The Federal Government is planning to spend $31.5 million during 2016-17 in a bid to kick-start its efforts to overhaul the IT systems it uses to deliver Medicare payments to Australians.
The government flagged its decision to go ahead with replacing the 30-year-old IT system it uses to deliver health, aged care and veterans' payments in October, commencing a process to identify solutions for the new proposed payments system.
According to the government's Mid Year Economic and Fiscal Outlook (MYEFO), handed down by Treasurer, Scott Morrison, on 19 December, $29.7 million of the funding will go to the Department of Health, $1.7 million will be put into the Department of Human Services, and the Department of Finance will receive $100,000.
The initial funding is aimed at kicking off the modernisation of the IT systems supporting the Federal Government's health, aged care, and related veterans' payments services, and to conduct public communication and stakeholder consultation on the requirements for the new system.
"The new system will support the Australian government continuing to own, operate, and deliver Medicare, PBS [Pharmaceutical Benefits Scheme], aged care, and related veterans payments into the future," Minister for Health and Aged Care, Sussan Ley, and Minister for Human Services, Alan Tudge, said in a joint statement when the plan was announced on 19 October.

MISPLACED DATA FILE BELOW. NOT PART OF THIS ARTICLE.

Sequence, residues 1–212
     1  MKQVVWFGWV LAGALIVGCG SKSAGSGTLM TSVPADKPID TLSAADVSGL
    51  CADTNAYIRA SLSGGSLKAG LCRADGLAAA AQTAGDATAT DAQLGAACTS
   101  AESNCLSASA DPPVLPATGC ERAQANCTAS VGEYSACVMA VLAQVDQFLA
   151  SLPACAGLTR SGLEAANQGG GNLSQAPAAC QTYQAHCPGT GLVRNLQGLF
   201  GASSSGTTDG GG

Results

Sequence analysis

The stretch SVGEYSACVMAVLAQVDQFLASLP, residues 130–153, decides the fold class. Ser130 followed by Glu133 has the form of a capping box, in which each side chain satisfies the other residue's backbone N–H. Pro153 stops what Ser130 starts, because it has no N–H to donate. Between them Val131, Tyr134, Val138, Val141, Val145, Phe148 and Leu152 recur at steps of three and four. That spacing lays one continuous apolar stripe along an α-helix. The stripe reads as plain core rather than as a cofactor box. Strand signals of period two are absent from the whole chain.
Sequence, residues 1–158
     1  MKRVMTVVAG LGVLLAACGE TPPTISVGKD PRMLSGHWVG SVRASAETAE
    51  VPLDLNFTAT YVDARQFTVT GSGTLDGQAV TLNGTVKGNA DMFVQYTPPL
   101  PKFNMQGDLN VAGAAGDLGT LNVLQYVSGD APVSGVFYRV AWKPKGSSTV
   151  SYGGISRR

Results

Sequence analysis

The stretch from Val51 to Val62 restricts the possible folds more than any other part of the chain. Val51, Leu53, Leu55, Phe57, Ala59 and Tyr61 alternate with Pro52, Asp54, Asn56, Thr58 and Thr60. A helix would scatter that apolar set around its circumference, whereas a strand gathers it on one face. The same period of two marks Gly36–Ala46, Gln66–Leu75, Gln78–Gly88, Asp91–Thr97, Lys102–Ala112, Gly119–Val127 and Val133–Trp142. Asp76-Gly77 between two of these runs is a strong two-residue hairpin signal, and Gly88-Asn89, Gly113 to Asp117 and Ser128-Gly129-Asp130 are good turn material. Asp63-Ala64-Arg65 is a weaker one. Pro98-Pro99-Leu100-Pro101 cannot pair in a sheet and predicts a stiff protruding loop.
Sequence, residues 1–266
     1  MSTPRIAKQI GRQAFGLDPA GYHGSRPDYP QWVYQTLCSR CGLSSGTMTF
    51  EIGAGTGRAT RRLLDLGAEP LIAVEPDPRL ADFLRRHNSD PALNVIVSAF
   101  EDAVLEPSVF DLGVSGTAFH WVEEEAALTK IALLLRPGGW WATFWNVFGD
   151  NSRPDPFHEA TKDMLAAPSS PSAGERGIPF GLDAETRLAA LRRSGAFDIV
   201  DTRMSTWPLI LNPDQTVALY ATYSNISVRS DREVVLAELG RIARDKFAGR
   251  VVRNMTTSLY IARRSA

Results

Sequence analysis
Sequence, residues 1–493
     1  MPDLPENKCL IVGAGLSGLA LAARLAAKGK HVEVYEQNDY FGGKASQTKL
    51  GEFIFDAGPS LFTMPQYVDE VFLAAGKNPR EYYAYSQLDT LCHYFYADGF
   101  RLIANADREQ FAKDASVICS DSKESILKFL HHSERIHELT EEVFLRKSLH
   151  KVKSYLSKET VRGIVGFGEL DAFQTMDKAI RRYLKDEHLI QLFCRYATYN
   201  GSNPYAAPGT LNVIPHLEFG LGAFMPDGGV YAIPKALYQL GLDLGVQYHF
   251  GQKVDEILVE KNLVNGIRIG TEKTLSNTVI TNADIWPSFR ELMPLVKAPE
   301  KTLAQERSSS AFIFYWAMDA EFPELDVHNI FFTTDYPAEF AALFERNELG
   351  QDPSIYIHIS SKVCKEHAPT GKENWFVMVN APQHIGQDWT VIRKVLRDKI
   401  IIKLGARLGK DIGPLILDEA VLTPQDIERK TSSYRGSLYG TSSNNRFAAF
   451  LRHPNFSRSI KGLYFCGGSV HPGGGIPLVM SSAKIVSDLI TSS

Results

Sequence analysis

While the $31.5 million earmarked for the Medicare payments system replacement represents new budgetary funding, it pales in comparison to the $313.5 million of existing funding the government is intending spend over four years from 2016-17 on its Centrelink payments IT system overhaul, which has been tipped to cost more than $1 billion.
The Department of Human Services' welfare payments system overhaul includes $55.3 million in capital funding in 2016-17 and 2017-18 to help progress "Tranche Two" of the Welfare Payment Infrastructure Transformation (WPIT) program. The WPIT program will progressively replace Centrelink's ageing technology platform.
The second tranche of the project is aimed at transforming the delivery of payments to students by implementing more efficient and automated claim and assessment processes, and will develop core system capability, including a new omni-channel user interface, segmentation, and risk profiling.
In early November, IBM and Hewlett Packard Enterprise (HPE) joined Capgemini and Accenture on the panel of service providers taking part in the project, with the Department of Human Services (DHS) saying that the two additional entries will be among those the government can call upon for systems integration work for the project.
During a so-called "Competitive Dialogue" stage of the project, Capgemini and Accenture will work with the Department, and its preferred core software vendor, SAP Australia, on the design work that will play a key part in second phase of the project.
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